AGC Urges Member Push on 3 Percent Withholding During August
As elected officials in Washington return to their districts for the August recess, AGC urges its members and chapters to contact their Senators and Representatives to ask that they co-sponsor legislation to repeal the 3 percent withholding mandate.
To date, 221 Representatives – more than half of the U.S. House – has signed on in support of a bill that would repeal the 3 percent withholding mandate; and there are 29 Senators behind similar legislation in the U.S. Senate. However, despite this strong showing of support, Congress has yet to schedule debate on this issue.
AGC members and the construction industry have been at the forefront of the repeal campaign. AGC continues to ask its members to contact their elected officials and to reach out to local stakeholders and state and local agencies to let them know how 3 percent withholding will affect their businesses and why it should be repealed.
Use AGC’s 3 percent withholding website to find additional resources including talking points, IRS regulations, videos on the impact of this legislation, letters sent to Congress by AGC, and ways to become involved. Please continue to make contact with your legislators and encourage your employees to do the same by using AGC’s Legislative Action Center.
For a list of cosponsors in your state, please click here.
For more information, please contact Karen Lapsevic at (202) 547-4733 or firstname.lastname@example.org.
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With 3 Percent Withholding Tax, and Budget Cuts, AGC Encourages Membership to Talk to Legislators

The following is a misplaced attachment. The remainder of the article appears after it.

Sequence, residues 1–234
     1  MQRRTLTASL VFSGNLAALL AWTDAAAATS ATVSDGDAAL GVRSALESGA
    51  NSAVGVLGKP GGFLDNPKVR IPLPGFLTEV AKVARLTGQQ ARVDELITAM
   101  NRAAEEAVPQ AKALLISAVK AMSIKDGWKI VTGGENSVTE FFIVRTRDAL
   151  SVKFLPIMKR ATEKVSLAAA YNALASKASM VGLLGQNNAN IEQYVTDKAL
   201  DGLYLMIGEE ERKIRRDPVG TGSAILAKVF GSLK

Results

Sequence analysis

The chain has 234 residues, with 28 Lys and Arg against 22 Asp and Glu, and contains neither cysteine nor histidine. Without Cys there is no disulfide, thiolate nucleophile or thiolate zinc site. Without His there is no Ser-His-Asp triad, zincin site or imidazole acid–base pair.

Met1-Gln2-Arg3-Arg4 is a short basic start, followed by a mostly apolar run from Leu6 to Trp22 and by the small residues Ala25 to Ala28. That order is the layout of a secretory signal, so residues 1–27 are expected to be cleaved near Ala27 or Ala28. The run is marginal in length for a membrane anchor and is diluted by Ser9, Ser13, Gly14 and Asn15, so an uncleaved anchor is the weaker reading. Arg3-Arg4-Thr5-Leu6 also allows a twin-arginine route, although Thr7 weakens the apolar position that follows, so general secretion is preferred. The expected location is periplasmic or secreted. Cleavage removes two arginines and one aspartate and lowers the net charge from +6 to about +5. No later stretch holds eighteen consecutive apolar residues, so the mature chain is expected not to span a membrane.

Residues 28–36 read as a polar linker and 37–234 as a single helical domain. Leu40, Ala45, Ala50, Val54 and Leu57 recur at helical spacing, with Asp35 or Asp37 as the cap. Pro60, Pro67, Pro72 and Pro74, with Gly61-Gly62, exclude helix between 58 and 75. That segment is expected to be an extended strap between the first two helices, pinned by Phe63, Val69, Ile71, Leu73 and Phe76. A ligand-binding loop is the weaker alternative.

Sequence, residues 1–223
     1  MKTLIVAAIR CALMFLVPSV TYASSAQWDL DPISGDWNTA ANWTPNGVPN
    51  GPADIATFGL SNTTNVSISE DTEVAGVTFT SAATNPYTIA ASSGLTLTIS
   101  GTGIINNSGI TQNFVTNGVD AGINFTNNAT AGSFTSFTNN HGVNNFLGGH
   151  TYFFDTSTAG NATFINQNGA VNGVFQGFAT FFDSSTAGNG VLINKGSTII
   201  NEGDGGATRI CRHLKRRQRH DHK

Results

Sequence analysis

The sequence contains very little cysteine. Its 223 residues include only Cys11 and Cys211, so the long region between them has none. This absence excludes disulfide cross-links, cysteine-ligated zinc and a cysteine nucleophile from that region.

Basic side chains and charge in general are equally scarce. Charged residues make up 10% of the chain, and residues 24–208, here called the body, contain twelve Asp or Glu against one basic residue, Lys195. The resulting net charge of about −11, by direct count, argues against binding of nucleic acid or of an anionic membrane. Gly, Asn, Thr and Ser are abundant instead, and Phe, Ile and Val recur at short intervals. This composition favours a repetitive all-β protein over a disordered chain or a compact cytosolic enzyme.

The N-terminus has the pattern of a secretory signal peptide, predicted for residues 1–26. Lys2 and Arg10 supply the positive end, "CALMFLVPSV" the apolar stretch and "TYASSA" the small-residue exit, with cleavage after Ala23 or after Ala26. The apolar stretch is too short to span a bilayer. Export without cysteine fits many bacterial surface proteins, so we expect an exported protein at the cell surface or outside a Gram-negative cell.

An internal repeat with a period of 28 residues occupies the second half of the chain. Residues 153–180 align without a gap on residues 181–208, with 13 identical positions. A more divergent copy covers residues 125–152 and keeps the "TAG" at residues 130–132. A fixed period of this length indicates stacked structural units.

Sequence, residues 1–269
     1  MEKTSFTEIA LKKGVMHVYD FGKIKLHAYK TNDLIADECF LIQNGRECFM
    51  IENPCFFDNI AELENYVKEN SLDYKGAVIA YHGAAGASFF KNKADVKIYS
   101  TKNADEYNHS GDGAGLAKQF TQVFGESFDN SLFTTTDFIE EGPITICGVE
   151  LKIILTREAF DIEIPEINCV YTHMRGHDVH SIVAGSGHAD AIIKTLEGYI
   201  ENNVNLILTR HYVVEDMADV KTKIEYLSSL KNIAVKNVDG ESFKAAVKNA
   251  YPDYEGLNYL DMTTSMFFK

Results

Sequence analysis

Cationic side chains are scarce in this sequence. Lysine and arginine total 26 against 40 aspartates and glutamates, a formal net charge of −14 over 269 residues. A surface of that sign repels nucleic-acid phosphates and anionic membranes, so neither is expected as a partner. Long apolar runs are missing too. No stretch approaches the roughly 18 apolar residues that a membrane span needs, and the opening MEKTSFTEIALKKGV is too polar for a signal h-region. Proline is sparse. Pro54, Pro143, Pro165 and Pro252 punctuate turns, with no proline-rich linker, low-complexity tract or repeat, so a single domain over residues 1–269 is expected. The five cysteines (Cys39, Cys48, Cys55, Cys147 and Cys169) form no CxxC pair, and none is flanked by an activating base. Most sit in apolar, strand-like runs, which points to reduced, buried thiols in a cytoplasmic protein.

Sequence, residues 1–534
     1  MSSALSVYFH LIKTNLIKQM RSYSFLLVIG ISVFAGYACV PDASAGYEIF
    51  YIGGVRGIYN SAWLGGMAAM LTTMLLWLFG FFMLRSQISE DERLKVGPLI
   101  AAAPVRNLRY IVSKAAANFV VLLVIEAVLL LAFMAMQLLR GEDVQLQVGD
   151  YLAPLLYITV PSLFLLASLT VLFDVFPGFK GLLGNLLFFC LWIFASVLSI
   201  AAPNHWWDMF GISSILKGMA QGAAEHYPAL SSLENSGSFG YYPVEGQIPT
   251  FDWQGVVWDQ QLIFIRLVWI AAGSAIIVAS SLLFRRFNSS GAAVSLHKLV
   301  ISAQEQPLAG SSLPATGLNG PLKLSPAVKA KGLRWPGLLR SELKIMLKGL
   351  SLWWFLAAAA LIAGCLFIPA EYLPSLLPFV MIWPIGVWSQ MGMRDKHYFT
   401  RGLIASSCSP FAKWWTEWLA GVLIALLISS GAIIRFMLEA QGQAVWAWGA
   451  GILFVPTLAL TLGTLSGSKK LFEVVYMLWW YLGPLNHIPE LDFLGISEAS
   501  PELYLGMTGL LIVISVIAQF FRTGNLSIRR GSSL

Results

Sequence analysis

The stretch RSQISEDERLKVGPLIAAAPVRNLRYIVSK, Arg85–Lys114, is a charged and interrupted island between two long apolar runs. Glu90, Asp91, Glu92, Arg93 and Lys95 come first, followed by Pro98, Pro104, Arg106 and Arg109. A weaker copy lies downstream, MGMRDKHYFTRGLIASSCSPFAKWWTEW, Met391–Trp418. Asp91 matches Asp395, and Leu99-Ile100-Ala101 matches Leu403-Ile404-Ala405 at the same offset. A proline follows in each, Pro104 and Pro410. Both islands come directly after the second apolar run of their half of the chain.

As the prolonged budget battle wrapped up last week, the construction industry still faces legislative hurdles and must remain active to protect its interests. Now is the perfect time for contractors to reach out to their legislators while they spend time in their district offices meeting with constituents.
The industry has already seen construction programs taking a disproportionate share of budget cuts in 2011. The industry also faces far more tax uncertainty in 2013 when the 3 percent withholding tax will be implemented. Congress needs to increase efficiency and reduce costs while still delivering the construction projects the country needs. With more than half of the U.S. House of Representatives supporting 3 percent repeal legislation, it is essential for Congress to repeal the tax now. Repeal would give contractors more certainty when making capital purchases, hiring and bid decisions.
Finally, it is important to note that the proposed spending caps in the deficit legislation only impact discretionary budget authority and will be felt in all federal construction programs in this category. Construction programs funded from the Highway Trust Fund and the FAA Airport Improvement Program do not appear to be subject to these caps because these are trust fund programs which are considered a form of mandatory budget authority. While this does not guarantee that these programs will escape cuts in 2012, multi-year reauthorizations of these programs would give the industry and state departments of transportation the certainty they need to properly invest in the nation’s infrastructure.
In preparation for AGC’s annual National Chapter Leadership Meeting in September, AGC will be hosting a webinar for registered members outlining the critical issues and deadlines facing the industry and how to communicate our needs with legislators at the Sept. 13 meeting.
For more information on the webinar, please contact Jim Young at (202) 547-0133 or email@example.com.
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Deficit Reduction Committee Taking Shape
A key component of the recently passed Budget Control Act of 2011, is the creation of a Joint Select Committee in Deficit Reduction that will be tasked with cutting spending between $1.2 and $1.5 trillion from federal programs to increase the debt ceiling beyond the initial increase of $900 billion. The committee will be made up of 12 Members of Congress – three Republicans and three Democrats from both the House and Senate.